Dec 17, 2003
With the swearing in of a new Prime Minister last Friday, Northumberland MP Paul Macklin gushed over Paul Martin and the new faces in government.
But Mr. Macklin, while not selected for cabinet, is a member of the “democratic deficit” committee discussing new ways to improve communications between members of parliament and constituents.
This is a noble goal. But the public may not be ready to listen to any more promises from Liberal governments and expect much in return.
Just ask the poor, working poor and children of those families in Northumberland County. Liberal MPP Lou Rinaldi recently defended the Ontario government’s plan not raise the minimum wage to $8 and hour all at once or raise social assistance rates immediately.
The Northumberland Coalition Against Poverty tried to pressure Mr. Rinaldi to keep his government’s pledge during the fall election campaign to assist those who were suffering under the eight years of the Tory regime. Social assistance rates were reduced, then frozen under former Premier Mike Harris. And the minimum wage was left at the same levels.
About 19 per cent of families live in Poverty, according to a recent Kawartha Pine Ridge District health unit study, which covers Northumberland and surrounding counties.
Rinaldi stumbled around the issue expressing sympathy and “not wanting to raise false hopes”.
And then he said the government has to work within the financial constraints of the deficit left by the previous Tory government.
Ah yes, the mantra of the provincial Liberals these days. They can’t fulfill their election promises because of the $5.6 billion deficit. The bad news comes only after a post-election audit was done.
In fact, the Liberals had a pretty good idea of the terrible financial state of the province long before.
On June 3, 2003, at the standing committee on estimates, the body responsible for tracking expenditures and budgets for the province, NDP leader Howard Hampton grilled Janet Ecker, finance minister at the time, saying her budget was in deep trouble. The notes from Hansard prove most interesting.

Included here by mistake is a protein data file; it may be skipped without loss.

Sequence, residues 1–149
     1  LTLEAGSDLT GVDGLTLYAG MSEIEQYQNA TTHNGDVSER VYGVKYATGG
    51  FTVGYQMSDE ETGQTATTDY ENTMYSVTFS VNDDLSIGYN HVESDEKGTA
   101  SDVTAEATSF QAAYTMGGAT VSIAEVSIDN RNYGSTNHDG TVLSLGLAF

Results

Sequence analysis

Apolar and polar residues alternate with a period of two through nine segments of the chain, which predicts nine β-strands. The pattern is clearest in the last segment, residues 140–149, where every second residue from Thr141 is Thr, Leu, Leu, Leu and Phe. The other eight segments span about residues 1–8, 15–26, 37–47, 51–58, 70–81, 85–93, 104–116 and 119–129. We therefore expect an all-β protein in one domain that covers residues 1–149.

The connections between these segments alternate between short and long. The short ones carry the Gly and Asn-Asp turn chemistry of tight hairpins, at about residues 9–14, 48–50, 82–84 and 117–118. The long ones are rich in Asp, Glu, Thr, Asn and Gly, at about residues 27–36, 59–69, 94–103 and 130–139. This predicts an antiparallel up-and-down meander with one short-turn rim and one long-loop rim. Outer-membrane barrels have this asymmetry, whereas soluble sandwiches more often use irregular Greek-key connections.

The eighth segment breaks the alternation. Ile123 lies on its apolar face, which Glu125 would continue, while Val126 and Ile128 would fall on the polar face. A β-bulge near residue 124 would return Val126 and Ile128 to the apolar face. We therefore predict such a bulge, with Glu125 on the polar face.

At the time, the Tories were planning $2.2 billion in asset sales, possibly getting rid of TVO, the Liquor Control Board of Ontario and some others. But Ecker failed to identify what the government planned to unload.
Ecker was also touting $720 million in new expenditures to fight SARS, after several devastating months of fighting the disease and its impact on the provincial economy.
As if that was not enough, the government also needed to find $700 million in further savings.
Hampton also noted the Tories were saying economic growth slowed to two per cent rather than expected three per cent, meaning a loss of $620 million in projected tax revenue.
The total shortfall was $4.24 billion, Hampton said.
Almost immediately after Hampton revealed these figures, Liberal finance critic Gerry Phillips ran through the same numbers, adding another $770 million of federal funding the Tories were expecting. But it was contingent on a significant federal surplus. He doubted the money would arrive.
And there you go. Total $5.01 billion.
If there is a democratic deficit in this country it is because politicians run elections filled with promises and then break them. It crushes the public’s confidence in politicians, government, the electoral process and democracy.
How can there be any doubt the provincial Liberals knew as early as June 2003 there was a $5 billion deficit. There own financial critic was touting the numbers.
That was plenty of time before the September election to alter policy and election platforms to reflect the fiscal reality. Then there would not be any reason to delay or break pledged made during the campaign.
But no, they didn’t. And they won. And now we will listen to their galling excuses.
For those most vulnerable in our community, Mr. Rinaldi’s defence of his party’s position means the working poor and those on social assistance continue not to have enough money to live on (and still face an increase in hydro rates. But that is just another broken promise)
Which brings us back to Mr. Macklin and his task of ridding our country of its democratic deficit. Prime Minister Paul Martin has gone to a great deal of trouble to change the face of the federal government. He also made many promises during his leadership bid.
Already Mr. Martin is facing criticism this past weekend about his plans to help municipalities by redirecting a portion of the gas tax. There are suggestions it might be delayed.
With all the public relations going into making Canadians believe there is a “new” government, it already doesn’t look good.
Mr. Macklin, if you are truly serious about making a difference, then focus your attentions on your government and your fellow Liberals in Ontario. Stop the hype.
If you end up acting like your colleagues in Queen’s Park, then you will find yourselves in deep trouble facing angry voters in Ontario next spring.
Isn’t it time to deal with the democratic deficit by simply putting an end to such elaborate games. It only breed cynicism, distrust and sucks the life out of our democracy.
It will take an effort by municipal, provincial and federal politicians working long and hard to regain the public’s trust.
So if you can put all that in a box and wrap it nicely with a bow, Northumberland County residents might have an even better Christmas.